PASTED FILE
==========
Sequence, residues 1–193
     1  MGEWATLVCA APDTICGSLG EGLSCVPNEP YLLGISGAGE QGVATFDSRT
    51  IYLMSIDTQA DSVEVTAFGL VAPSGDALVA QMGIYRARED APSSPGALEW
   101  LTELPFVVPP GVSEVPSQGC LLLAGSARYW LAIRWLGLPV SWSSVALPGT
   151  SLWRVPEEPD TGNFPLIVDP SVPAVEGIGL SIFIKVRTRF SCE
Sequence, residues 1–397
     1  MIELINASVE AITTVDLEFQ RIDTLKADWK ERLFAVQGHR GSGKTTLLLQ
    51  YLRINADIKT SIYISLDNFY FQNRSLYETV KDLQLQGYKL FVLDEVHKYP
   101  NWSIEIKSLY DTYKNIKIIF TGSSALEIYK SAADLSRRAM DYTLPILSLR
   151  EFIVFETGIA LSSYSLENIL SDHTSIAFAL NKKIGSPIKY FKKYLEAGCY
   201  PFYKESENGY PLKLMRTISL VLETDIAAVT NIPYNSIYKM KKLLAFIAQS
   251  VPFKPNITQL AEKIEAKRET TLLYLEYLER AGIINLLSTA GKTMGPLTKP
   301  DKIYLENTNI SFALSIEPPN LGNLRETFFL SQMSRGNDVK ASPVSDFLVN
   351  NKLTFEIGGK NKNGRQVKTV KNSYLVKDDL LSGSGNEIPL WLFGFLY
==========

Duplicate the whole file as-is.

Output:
Sequence, residues 1–193
     1  MGEWATLVCA APDTICGSLG EGLSCVPNEP YLLGISGAGE QGVATFDSRT
    51  IYLMSIDTQA DSVEVTAFGL VAPSGDALVA QMGIYRARED APSSPGALEW
   101  LTELPFVVPP GVSEVPSQGC LLLAGSARYW LAIRWLGLPV SWSSVALPGT
   151  SLWRVPEEPD TGNFPLIVDP SVPAVEGIGL SIFIKVRTRF SCE
Sequence, residues 1–397
     1  MIELINASVE AITTVDLEFQ RIDTLKADWK ERLFAVQGHR GSGKTTLLLQ
    51  YLRINADIKT SIYISLDNFY FQNRSLYETV KDLQLQGYKL FVLDEVHKYP
   101  NWSIEIKSLY DTYKNIKIIF TGSSALEIYK SAADLSRRAM DYTLPILSLR
   151  EFIVFETGIA LSSYSLENIL SDHTSIAFAL NKKIGSPIKY FKKYLEAGCY
   201  PFYKESENGY PLKLMRTISL VLETDIAAVT NIPYNSIYKM KKLLAFIAQS
   251  VPFKPNITQL AEKIEAKRET TLLYLEYLER AGIINLLSTA GKTMGPLTKP
   301  DKIYLENTNI SFALSIEPPN LGNLRETFFL SQMSRGNDVK ASPVSDFLVN
   351  NKLTFEIGGK NKNGRQVKTV KNSYLVKDDL LSGSGNEIPL WLFGFLY